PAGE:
Roger Ebert Tries to Exploit Colorado Crime for Gun Control Purposes

-By Warner Todd Huston

Dear Mr. Ebert, the Colorado theater was a ‘gun free zone’

Jumping on the gun-ban band wagon and to take political advantage of the murders in Colorado, film critic Roger Ebert immediately ran to his keyboard to decry our “insane” gun laws in an Op Ed in the New York Times. His goal was to invalidate concealed carry laws by noting that no one in the theater shot back at the murderer in black. But, Ebert misses an important point. The Cinemark theater chain has a “gun-free zone” policy.

In the NYT, Ebert decried America for its gun laws (my bold).

That James Holmes is insane, few may doubt. Our gun laws are also insane, but many refuse to make the connection. The United States is one of few developed nations that accepts the notion of firearms in public hands. In theory, the citizenry needs to defend itself. Not a single person at the Aurora, Colo., theater shot back, but the theory will still be defended.

Of course, if Ebert had bothered to check before trying to use this murderous crime for his own anti-Second Amendment purposes, he may have found that no one could have shot back because the theater chain does not allow its customers to carry guns in its theaters.

As it happens, the Century 16 theaters at 14300 E. Alameda Ave in Aurora, Colorado are owned by Cinemark Century Theaters, headquartered in Plano, Texas, and for several years this chain movie theater has told customers they are not welcome to bring their firearms into theaters.

Back in 2009 an Alaska-based member of a gun owner’s message board going by the handle SubNine reported that he tried to enter a Cinemark owned theater with his open carry weapon but was told he was not allowed to enter the premisses armed because the chain had a no-weapons policy. It was a “gun-free zone” he was told by the manager.

A year before the above post another message board started a similar conversation. In 2008 the Open Carry forums also noted Cinemark’s “gun-free zone” policy. One message board member even communicated via email with a Dan Meyers at the corporate offices of Cinemark. That corporate official confirmed the restriction and added that only police officers could carry their concealed weapons into Cinemark theaters. He also asked gun owners not to bother complaining to them about the policy.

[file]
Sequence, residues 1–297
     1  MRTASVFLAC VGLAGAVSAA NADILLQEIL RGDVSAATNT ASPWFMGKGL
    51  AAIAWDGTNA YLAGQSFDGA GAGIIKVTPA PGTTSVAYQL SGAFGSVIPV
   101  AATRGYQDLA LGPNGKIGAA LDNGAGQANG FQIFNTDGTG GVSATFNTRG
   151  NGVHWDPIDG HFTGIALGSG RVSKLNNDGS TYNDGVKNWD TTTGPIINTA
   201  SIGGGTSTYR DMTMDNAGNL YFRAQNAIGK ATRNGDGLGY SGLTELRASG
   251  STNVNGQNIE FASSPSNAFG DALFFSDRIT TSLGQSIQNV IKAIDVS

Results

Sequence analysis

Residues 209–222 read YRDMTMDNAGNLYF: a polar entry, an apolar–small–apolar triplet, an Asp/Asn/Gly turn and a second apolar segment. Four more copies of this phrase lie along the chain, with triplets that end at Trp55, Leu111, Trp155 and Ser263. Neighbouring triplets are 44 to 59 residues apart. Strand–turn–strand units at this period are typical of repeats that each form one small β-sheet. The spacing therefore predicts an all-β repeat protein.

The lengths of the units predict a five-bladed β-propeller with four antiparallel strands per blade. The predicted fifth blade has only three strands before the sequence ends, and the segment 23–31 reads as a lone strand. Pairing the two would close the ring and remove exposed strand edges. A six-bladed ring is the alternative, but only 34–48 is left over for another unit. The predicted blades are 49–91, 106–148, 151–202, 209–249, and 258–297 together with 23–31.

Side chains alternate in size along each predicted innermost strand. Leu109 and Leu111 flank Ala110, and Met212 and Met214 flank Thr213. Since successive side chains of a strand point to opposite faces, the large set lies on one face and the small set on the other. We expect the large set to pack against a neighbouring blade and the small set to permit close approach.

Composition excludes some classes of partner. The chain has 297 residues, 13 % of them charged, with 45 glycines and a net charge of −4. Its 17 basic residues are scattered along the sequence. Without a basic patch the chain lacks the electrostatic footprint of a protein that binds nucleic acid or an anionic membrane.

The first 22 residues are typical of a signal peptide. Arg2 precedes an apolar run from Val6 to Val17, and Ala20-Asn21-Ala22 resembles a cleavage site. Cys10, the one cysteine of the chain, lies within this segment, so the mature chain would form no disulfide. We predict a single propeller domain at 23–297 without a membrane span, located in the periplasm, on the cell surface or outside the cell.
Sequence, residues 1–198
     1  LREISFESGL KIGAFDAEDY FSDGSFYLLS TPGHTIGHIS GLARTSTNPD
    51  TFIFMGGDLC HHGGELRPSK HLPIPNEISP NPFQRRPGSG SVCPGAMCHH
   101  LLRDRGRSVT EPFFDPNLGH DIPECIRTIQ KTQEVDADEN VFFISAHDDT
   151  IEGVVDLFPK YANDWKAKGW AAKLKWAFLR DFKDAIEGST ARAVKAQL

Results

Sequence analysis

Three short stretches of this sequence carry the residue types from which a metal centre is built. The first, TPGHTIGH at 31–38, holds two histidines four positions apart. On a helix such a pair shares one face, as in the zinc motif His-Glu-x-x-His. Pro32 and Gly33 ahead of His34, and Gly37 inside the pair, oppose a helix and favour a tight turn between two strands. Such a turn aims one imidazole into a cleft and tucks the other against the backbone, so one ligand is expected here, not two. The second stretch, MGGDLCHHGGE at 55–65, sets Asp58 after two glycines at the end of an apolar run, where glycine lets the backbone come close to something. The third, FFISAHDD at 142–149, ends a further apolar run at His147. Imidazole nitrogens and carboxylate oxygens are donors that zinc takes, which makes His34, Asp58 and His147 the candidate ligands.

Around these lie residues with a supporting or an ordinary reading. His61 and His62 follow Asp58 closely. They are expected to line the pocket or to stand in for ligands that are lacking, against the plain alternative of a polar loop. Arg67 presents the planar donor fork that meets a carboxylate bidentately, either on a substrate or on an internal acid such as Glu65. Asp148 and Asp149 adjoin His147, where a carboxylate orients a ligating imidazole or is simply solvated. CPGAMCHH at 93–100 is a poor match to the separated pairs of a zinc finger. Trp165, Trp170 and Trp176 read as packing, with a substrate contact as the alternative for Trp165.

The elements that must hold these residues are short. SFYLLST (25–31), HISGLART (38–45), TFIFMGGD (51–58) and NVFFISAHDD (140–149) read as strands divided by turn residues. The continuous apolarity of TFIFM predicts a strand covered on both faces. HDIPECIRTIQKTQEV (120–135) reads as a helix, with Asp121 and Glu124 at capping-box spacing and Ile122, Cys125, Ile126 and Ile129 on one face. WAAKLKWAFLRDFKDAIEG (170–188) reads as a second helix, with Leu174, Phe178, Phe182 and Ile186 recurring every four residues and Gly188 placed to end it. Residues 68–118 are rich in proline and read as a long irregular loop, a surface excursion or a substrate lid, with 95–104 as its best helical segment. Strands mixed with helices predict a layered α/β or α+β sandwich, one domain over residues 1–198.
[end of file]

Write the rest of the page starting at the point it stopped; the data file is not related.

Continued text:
So, as Ebert scoffs that no one returned fire at this theater and assumed that it went to invalidate concealed carry laws, he didn’t bother to find out if anyone was or even could be armed in that theater. Turns out, they couldn’t but Ebert tried to use this crime and its tragic consequences for his own political purposes anyway.

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  • Maybe you can exhume Charlton Heston from the dead so you can use the news story for a gun rally.

  • In reply to Joseph Pallenburg:

    If you can get your trucks trying to exhume Karl Marx out of my way, maybe I would.

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    People just aren't thinking straight about this issue in relation to gun control. Every law society makes about the control of guns in America can and always will be thwarted by would be killers. So I suspect it's not the guns or the availability of guns that could have changed this and similar crimes, because this man purchased all the weapons and ammo he needed above board. Mental illness wasn't detected because he didn't have a history of mental illness- he was an honor student in HS. He built bombs and created enough booby traps in his apartment, that at this writing, the police still haven't gotten in. Clearly this man was angry, and placed himself on a mission of clear intent. No the answer isn't a new law, as I've said, laws can be circumvented. No, the answer isn't to arm everyone, because this man thought of that and wore body armor- he has more powerful weapons in in possession and anyone could walk in the front door with. No, there is no need to ban books, news commentary and other free speech, because this is what our country was built on. What needs to change is simple - we need ALL to have more compassion for our fellow man, and that compassion should be reflected in government policy, our jobs and our religion, in any possible. Ask any other person from another country why people don't blow up school buildings, churches offices and movie theaters- the answer is always the same: why would anybody want to do that? What reason would they have? In America, the reason is almost always the same: people strike back at innocent people because they want to strike back at society at large. Anyone can be pushed to the point where they feel all hope is lost- even an honor student. A better society produces better citizens with little reason to strike back. American society has to do a better job at caring for itself.

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    Gosh, I'm glad the cinema was a gun free zone. Rules like that stop something terrible from happening.

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